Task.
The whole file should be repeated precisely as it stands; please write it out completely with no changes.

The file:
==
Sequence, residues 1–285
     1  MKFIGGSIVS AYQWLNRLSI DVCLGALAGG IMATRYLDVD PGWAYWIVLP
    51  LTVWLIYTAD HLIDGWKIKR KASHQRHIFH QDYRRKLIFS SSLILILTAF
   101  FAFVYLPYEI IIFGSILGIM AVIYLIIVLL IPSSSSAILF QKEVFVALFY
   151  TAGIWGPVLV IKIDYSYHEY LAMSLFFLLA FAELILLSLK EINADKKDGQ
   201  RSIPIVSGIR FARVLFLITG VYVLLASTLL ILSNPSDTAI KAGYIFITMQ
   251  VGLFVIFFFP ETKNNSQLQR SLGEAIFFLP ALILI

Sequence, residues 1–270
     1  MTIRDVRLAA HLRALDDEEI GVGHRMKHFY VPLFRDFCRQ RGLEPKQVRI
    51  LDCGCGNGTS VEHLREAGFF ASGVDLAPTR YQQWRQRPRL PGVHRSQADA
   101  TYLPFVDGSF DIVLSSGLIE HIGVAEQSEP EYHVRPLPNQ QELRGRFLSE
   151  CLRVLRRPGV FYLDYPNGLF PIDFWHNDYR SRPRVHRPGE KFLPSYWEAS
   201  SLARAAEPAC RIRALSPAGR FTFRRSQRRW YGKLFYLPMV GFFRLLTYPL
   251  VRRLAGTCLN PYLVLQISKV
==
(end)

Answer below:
Sequence, residues 1–285
     1  MKFIGGSIVS AYQWLNRLSI DVCLGALAGG IMATRYLDVD PGWAYWIVLP
    51  LTVWLIYTAD HLIDGWKIKR KASHQRHIFH QDYRRKLIFS SSLILILTAF
   101  FAFVYLPYEI IIFGSILGIM AVIYLIIVLL IPSSSSAILF QKEVFVALFY
   151  TAGIWGPVLV IKIDYSYHEY LAMSLFFLLA FAELILLSLK EINADKKDGQ
   201  RSIPIVSGIR FARVLFLITG VYVLLASTLL ILSNPSDTAI KAGYIFITMQ
   251  VGLFVIFFFP ETKNNSQLQR SLGEAIFFLP ALILI

Sequence, residues 1–270
     1  MTIRDVRLAA HLRALDDEEI GVGHRMKHFY VPLFRDFCRQ RGLEPKQVRI
    51  LDCGCGNGTS VEHLREAGFF ASGVDLAPTR YQQWRQRPRL PGVHRSQADA
   101  TYLPFVDGSF DIVLSSGLIE HIGVAEQSEP EYHVRPLPNQ QELRGRFLSE
   151  CLRVLRRPGV FYLDYPNGLF PIDFWHNDYR SRPRVHRPGE KFLPSYWEAS
   201  SLARAAEPAC RIRALSPAGR FTFRRSQRRW YGKLFYLPMV GFFRLLTYPL
   251  VRRLAGTCLN PYLVLQISKV